THE ROLE OF THE CMO – 4
We need marketing to work more effectively, particularly in this “age of abundance and sameness” where products are interchangeable and generally acceptable quality (GAQ) reigns. CMOs need to accept the responsibility of their role—making marketing work! It’s not about merely overseeing tactics or serving as senior brand (micro)manager. It’s about making marketing matter. Accordingly, the CMO’s responsibilities are threefold:
- Create an evidence-based marketing culture with clear line-of-sight from strategies and tactics to targeted Business Objectives (i.e., sales, market share, and profit). As James Clear, the author of the bestseller ATOMIC HABITS, states: “You do not rise to the level of your goals, you fall to the level of your systems.” The CMO must build an “evidence-based system” for the organization and its marketers to implement and grow.
- Hire and staff it with the right people to instill and perpetuate a culture of genuine marketing excellence. This entails hiring people with the essential personal characteristics over experiences to field the kind of team (winners!) needed to develop an evidence-based culture and make marketing matter more.
- Provide the leadership and adult supervision required for their team and the marketing function to succeed. It’s about doing the right things in the right way! This last responsibility is the subject of this musing.
Leadership is about providing clear, strategically appropriate direction and resources to achieve the goals of the organization. These goals go beyond achieving targeted quarterly Business Objectives to undertaking strategies and actions that will contribute to the long-term health of the business. It’s about doing the right things. The CMO needs to influence pipeline development of new technologies, products, and ideas, that advance innovation and create brand loyalty to drive a steady stream of revenue growth. Moreover, the CMO has to ensure her/his marketers have the right priorities (not more than three, please!) that will generate incremental growth. S/he must also determine where to place the chips—namely, what brands, in what geographies, and using what marketing mix elements to support with marketing funding and personnel. The CMO should think like an investment banker to optimize short-term results while maximizing long-term impact. Sacrificing to meet short-term goals is not doing the right thing if it compromises future (i.e., longer-term) organizational performance, competitiveness, and health. Additionally, CMOs need to cultivate their personnel and advance them to where they can continue to add value to the organization in their role as marketers, and well beyond the CMO’s tenure.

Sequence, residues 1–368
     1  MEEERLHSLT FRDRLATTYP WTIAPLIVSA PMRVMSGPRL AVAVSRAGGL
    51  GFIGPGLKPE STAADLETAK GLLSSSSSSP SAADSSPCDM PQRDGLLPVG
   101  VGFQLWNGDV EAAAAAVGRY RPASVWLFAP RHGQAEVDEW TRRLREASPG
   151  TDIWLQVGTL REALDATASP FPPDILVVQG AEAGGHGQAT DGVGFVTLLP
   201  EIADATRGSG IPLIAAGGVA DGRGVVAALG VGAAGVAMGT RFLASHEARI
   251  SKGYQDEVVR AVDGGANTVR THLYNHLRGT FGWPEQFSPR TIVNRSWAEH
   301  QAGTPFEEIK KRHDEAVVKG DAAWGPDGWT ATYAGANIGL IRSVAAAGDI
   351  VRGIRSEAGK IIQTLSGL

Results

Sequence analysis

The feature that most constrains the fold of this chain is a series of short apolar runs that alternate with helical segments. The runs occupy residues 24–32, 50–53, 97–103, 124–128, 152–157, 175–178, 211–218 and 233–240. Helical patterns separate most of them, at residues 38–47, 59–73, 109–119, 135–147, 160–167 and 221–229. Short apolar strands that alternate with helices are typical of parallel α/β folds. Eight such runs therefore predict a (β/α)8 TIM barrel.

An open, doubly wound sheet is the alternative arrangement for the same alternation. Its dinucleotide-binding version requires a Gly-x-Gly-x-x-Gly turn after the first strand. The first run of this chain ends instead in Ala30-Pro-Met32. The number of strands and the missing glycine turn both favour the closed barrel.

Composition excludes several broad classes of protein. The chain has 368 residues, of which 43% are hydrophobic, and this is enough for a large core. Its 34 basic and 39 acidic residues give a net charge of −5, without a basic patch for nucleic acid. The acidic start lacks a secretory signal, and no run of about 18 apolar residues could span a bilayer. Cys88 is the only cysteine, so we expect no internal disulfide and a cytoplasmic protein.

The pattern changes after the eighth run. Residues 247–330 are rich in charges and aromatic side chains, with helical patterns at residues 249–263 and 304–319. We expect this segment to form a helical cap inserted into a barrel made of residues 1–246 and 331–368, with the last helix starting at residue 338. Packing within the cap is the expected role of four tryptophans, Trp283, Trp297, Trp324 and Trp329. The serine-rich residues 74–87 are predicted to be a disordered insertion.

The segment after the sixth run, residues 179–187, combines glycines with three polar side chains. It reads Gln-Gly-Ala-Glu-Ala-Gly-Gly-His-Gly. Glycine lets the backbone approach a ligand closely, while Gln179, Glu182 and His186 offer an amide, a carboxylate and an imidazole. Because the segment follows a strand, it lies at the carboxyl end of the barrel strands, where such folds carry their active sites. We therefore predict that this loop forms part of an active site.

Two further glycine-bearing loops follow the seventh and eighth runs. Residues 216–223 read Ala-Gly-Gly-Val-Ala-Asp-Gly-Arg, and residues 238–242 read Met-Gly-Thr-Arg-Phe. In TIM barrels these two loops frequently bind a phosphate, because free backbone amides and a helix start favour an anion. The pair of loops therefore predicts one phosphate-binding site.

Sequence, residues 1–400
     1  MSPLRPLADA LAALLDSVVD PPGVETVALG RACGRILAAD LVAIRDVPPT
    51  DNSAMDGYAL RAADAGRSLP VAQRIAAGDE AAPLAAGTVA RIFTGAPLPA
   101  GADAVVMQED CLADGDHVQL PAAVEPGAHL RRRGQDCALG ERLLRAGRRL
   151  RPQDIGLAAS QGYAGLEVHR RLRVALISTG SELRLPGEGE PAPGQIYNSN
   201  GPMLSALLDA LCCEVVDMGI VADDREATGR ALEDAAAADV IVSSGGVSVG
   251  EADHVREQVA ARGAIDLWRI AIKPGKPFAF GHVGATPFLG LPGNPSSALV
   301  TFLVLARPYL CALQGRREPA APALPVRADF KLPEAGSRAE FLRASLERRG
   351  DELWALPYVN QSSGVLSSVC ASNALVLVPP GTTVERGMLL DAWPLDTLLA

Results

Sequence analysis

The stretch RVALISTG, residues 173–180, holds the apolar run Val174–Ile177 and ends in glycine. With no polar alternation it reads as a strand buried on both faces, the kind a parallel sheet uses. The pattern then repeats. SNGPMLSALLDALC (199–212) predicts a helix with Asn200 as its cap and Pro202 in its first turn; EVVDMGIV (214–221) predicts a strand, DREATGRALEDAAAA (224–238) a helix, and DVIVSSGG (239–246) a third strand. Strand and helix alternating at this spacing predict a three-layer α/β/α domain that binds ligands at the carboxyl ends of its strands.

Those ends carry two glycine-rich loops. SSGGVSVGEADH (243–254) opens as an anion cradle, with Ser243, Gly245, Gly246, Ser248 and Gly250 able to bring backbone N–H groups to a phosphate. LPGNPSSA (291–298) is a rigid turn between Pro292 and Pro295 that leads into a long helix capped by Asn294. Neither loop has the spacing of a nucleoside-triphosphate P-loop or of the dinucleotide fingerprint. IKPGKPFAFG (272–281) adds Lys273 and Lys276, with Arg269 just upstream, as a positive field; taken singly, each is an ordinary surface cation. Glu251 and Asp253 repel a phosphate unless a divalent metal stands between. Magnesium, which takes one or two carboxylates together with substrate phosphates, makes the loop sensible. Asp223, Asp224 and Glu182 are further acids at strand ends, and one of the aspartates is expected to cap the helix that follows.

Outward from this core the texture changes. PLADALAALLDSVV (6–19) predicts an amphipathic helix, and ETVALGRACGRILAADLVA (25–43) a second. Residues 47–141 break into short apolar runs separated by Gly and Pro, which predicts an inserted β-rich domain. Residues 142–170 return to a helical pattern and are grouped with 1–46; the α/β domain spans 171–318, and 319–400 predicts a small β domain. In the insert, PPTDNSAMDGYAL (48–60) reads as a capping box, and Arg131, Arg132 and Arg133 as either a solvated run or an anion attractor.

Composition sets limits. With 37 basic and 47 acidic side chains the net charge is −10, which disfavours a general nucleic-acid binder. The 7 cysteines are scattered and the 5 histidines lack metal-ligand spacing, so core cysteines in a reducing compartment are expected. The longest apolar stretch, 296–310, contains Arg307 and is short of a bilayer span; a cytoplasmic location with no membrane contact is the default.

CMOs must also provide “adult supervision.” Now, we’re about doing things—those right things— in the right way. My dear friend, colleague, and former client, Rod McNealy, who served as Director of the Johnson & Johnson Marketing and Advertising College, came up with this sobriquet, “adult supervision.” To me, it means the CMO must institutionalize and reinforce the proven principles, best practices, and quality processes that are the hallmark of an evidence-based culture and marketing excellence. James Clear, in his blog, also states: “The key, if you want to build habits that last, is to join a group where the desired behavior is the normal behavior.” The desired behavior of an evidence-based marketing organization will not last without the adult supervision of the CMO to demand, reaffirm, and reinforce desired behaviors (i.e., adoption of proven principles et al.). It’s curious to me that far too many senior marketers will fund training for their marketers, but not attend it themselves. They view it as “personnel development” for those who report up to them. However, they need to consider it as “organization (and team) development,” of which CMOs are a critical part. As a consequence of not participating in organization development training, they fail to establish the critical alignment—providing adult supervision through value-added feedback of proven principles, etc.—essential to making marketing excellence the “normal behavior.”
So, CEOs and COOs, demand your CMOs to fulfill the three responsibilities I’ve shared, if you want marketing to function appropriately in adding value to your companies. In the end, you get what you demand and deserve!
CMOs, take your role and responsibilities seriously as faithful stewards of the many assets (e.g., people, brands, financial, etc.) you are entrusted to manage. It is your role and overarching responsibility to make marketing matter (more).
HOWEVER, while I’m holding the CMO accountable for the responsibilities mentioned above, this is not excusing marketers from these same duties within their sphere of managerial influence. All marketers should strive to think and behave, at minimum, as CMOs for their brands. The degree of which they can will be a function of the CMO’s appreciation for these roles and the skillset of individual marketers. By the way, I’ve long encouraged marketers to serve as presidents of their brands. If we take this role further, while the marketer may be the president of her/his brand, please note the CMO is a senior member of your board of directors, responsible for ensuring your, and all, marketing matters.
You can and need to make your marketing matter more. Take your marketing to the next level with my new book, AVOIDING CRITICAL MARKETING ERRORS: How to Go from Dumb to Smart Marketing. Learn more here: http://bdn-intl.com/avoiding-critical-marketing-errors
Stay SAFE and be well!